Online retailing has changed a lot of things, but one of the things it’s changed the most, much to the chagrin of state legislatures, is how much sales tax states collect. Namely, less.
The problem is the way the laws are set up: online retailing is technically mail-order, and unless the mail-order company has a physical presence in the state, they can’t collect state sales tax.
Most states have tried to argue that if online retailers have an affiliate program that they can collect sales tax — a move which prompted Amazon to shut down the affiliate program. Colorado, though, has a “use tax,” which is a law that states if you buy things from outside Colorado, you have to report what you bought out of state and pay tax on it.
Shockingly, nobody in Colorado actually does this, so the state was hoping to force Amazon to fork over the sales records of Colorado residents to make them pay the use tax. This was, of course, a violation of Colorado citizens’ privacy. Additionally, Amazon is loathe to raising customer costs with taxes — not having to tack on sales taxes does give them a competitive advantage, after all — so the Direct Marketing Association, of which Amazon is a major part, sued on its behalf.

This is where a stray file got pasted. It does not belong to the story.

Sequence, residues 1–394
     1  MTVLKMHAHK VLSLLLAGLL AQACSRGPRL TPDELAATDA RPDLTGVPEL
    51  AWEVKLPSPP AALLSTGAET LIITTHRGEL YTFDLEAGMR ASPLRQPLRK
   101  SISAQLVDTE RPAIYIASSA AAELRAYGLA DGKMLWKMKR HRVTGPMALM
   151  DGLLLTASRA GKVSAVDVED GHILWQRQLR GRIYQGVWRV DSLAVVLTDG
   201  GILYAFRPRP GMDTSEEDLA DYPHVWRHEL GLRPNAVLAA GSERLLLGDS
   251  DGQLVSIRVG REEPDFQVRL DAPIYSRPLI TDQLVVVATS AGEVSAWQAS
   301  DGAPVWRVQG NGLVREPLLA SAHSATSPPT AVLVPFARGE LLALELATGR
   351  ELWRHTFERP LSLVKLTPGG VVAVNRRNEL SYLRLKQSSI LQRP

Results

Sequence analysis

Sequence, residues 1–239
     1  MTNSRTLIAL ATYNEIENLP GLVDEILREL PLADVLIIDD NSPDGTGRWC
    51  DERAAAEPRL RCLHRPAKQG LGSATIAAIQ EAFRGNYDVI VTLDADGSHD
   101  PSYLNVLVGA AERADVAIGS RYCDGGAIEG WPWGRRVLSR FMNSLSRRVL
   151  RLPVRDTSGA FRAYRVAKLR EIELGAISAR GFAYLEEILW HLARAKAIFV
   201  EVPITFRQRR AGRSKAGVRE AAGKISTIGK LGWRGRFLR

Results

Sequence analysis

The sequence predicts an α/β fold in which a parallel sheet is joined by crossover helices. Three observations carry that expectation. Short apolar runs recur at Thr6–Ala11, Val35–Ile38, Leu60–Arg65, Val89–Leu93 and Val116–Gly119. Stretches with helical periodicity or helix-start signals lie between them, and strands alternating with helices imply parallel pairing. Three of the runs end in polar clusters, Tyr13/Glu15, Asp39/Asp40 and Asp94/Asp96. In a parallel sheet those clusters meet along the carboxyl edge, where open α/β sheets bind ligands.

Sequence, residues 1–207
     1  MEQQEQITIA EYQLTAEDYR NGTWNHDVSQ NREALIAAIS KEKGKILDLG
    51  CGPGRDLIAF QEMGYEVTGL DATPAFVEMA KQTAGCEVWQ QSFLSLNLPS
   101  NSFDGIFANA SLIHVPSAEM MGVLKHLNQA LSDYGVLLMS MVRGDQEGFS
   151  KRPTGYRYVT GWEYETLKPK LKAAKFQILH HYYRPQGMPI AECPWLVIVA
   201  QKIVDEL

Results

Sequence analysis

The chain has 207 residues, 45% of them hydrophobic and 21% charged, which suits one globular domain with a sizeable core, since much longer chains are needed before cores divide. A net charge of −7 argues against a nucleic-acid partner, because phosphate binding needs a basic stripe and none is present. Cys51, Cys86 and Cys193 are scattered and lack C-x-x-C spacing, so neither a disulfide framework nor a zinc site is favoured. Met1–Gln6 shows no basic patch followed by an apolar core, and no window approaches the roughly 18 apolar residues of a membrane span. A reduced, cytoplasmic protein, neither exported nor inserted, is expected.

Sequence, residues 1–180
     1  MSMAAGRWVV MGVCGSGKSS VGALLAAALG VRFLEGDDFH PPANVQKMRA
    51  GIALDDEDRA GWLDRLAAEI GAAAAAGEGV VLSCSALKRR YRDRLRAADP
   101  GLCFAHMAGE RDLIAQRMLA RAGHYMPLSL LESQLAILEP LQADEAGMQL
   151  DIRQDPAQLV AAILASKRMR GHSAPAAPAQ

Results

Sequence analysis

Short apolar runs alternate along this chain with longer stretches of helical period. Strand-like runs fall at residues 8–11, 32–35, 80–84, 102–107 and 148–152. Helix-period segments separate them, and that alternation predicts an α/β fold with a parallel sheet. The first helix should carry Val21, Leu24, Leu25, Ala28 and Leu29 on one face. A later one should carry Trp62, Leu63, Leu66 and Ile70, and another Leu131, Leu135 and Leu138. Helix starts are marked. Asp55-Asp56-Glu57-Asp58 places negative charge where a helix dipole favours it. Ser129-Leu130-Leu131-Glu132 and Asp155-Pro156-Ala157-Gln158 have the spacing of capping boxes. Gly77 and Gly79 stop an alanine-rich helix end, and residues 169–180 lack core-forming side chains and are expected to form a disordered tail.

It argued that the reporting requirements were an unconstitutional burden on interstate commerce, and that under the Commerce Clause of the Constitution, only Congress had the power to compel out-of-state retailers to submit tax paperwork across state lines.
On Friday, Judge Robert Blackburn agreed. He found that the reporting requirement impermissibly discriminated against out-of-state retailers. While Colorado’s law isn’t targeted explicitly at non-Colorado businesses, it is targeted at businesses that do not collect Colorado sales tax, which amounts to the same thing.
In other words, sorry Colorado, you’ll screwed. We suppose the state can make up for it by taxing beer and cigarettes even more. And we’re sure that will be popular!